Advertisement

Where have all the insects gone?

Discussion in 'Environment' started by Veganite, Jul 5, 2018.

  1. Veganite
    Balanced

    Veganite Super Moderator Staff Member

    Joined:
    Jul 30, 2017
    Messages:
    1,129
    Location:
    Vancouver, BC
    Ratings:
    +549 / 1 / -2
    Lifestyle/Diet:
    Vegan
    I've often wondered this, myself. I remember the bug splatter on my parent’s car windshield when I was a kid. It just about made gas station windshield washing mandatory. I remember camping trips where the night would come alive with bugs. Mind you, I still see mosquitoes and black flies when camping, but the bulk of the bugs at night have definitely diminished since I was a young man.

    Where have all the insects gone?

    Entomologists call it the windshield phenomenon. "If you talk to people, they have a gut feeling. They remember how insects used to smash on your windscreen," says Wolfgang Wägele, director of the Leibniz Institute for Animal Biodiversity in Bonn, Germany. Today, drivers spend less time scraping and scrubbing. "I'm a very data-driven person," says Scott Black, executive director of the Xerces Society for Invertebrate Conservation in Portland, Oregon. "But it is a visceral reaction when you realize you don't see that mess anymore."

    Full Article
     
    • Like Like x 1
  2. Sax
    Surfing

    Sax Active Member

    Joined:
    Mar 21, 2018
    Messages:
    198
    Location:
    Jefferson City, MO
    Ratings:
    +117 / 1 / -1
    Lifestyle/Diet:
    Vegan
    I don't own a car so can't attest to the windshield phenomenon. But being relatively new to the midwest I can assure you some places are absolutely teeming with insects. Giant moths, praying mantises, fireflies....deafeningly loud hordes of cicadas...stick insects, dragonflies. There are some seriously cool insects out there! No doubt habitat destruction and pesticides have culled their numbers. I've heard in some cases they're going extinct faster than they can be discovered/taxonimized.



    https://www.theguardian.com/environ...of-loss-great-insect-die-off-sixth-extinction
     
  3. Veganite
    Balanced

    Veganite Super Moderator Staff Member

    Joined:
    Jul 30, 2017
    Messages:
    1,129
    Location:
    Vancouver, BC
    Ratings:
    +549 / 1 / -2
    Lifestyle/Diet:
    Vegan
    @Sax
    That was an interesting read.

    I do know from my age perspective, I've seen a huge decline in insect roadkill since I was a youngster, and I definitely see the windshield phenomenon as real. It's really hard to forget how thick our windshields used to get. I'd say that figure of an 80 per cent decline is pretty close to accurate.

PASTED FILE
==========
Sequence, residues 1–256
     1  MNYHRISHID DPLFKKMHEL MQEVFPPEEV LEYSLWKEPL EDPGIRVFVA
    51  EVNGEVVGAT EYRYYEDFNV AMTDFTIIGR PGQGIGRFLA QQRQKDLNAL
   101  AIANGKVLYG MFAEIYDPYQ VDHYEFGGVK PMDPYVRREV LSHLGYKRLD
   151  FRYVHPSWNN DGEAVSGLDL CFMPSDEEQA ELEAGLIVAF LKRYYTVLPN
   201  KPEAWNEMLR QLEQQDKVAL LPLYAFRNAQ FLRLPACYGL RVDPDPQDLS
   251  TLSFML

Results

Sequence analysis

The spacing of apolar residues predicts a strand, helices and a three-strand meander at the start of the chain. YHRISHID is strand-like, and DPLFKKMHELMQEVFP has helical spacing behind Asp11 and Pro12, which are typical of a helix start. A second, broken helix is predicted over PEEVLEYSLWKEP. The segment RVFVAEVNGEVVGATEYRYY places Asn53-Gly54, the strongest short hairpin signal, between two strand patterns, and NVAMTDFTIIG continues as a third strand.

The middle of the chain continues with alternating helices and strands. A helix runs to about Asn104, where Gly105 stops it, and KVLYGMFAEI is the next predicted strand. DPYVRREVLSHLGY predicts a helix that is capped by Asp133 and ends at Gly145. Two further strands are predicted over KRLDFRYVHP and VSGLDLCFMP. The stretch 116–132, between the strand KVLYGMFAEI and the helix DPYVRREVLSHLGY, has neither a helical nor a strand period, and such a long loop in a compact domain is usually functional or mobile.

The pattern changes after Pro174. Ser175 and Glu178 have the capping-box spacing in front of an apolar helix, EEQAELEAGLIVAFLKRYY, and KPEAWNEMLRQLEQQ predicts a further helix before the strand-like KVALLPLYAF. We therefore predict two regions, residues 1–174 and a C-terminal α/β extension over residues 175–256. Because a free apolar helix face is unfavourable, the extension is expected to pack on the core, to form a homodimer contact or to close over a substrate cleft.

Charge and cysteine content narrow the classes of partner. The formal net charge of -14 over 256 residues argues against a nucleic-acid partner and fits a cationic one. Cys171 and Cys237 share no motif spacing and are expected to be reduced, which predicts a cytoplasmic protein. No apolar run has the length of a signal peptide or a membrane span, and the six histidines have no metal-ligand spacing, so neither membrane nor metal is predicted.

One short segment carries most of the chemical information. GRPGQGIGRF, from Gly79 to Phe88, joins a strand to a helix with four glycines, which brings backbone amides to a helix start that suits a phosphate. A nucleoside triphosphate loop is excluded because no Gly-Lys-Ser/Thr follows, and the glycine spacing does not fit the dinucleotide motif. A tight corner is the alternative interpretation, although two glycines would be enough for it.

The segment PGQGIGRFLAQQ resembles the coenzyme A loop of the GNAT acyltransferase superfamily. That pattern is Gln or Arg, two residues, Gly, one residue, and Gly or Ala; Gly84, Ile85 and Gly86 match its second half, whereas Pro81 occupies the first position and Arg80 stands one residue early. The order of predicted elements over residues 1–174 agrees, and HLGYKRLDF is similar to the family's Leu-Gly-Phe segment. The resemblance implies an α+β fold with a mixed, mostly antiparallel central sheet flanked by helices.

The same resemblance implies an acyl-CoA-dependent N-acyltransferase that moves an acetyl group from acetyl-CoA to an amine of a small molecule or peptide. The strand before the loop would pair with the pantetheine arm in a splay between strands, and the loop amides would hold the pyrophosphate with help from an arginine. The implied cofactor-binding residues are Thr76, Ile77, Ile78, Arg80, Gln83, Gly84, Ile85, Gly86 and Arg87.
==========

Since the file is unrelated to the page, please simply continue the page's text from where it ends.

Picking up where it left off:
4. Kellyr

    Kellyr Active Member

    Joined:
    Jun 5, 2018
    Messages:
    160
    Ratings:
    +128 / 0 / -0
    Lifestyle/Diet:
    Vegan
    That's pretty amazing. Something I've never even thought about, to be honest. We never had thick coatings of dead bugs all over our windshields, but there would usually be a couple that ended up there at least when traveling in the mountains, and now that I think of it, that doesn't seem to happen quite as much.

    As was mentioned above - habitat destruction and pesticides likely play a role, as well as climate change.

    Maybe putting a positive spin on it - vehicles are a lot more aerodynamic than they used to be so perhaps more bugs are getting swept over our vehicles instead of smack into our windshields.
     
  5. Veganite
    Balanced

    Veganite Super Moderator Staff Member

    Joined:
    Jul 30, 2017
    Messages:
    1,129
    Location:
    Vancouver, BC
    Ratings:
    +549 / 1 / -2
    Lifestyle/Diet:
    Vegan
    That theory was mentioned in the second paragraph (below) of that article. By the sounds of the Land Rover, it doesn't seem as likely as habitat and pesticides might be. There's no question the phenomenon is noticeable to me. It's unbelievably shocking, really. It never even really occurred to me before reading this article.

    "Some people argue that cars today are more aerodynamic and therefore less deadly to insects. But Black says his pride and joy as a teenager in Nebraska was his 1969 Ford Mustang Mach 1—with some pretty sleek lines. "I used to have to wash my car all the time. It was always covered with insects." Lately, Martin Sorg, an entomologist here, has seen the opposite: "I drive a Land Rover, with the aerodynamics of a refrigerator, and these days it stays clean."


    *
     

Share This Page

  1. This site uses cookies to help personalise content, tailor your experience and to keep you logged in if you register.
    By continuing to use this site, you are consenting to our use of cookies.
    Dismiss Notice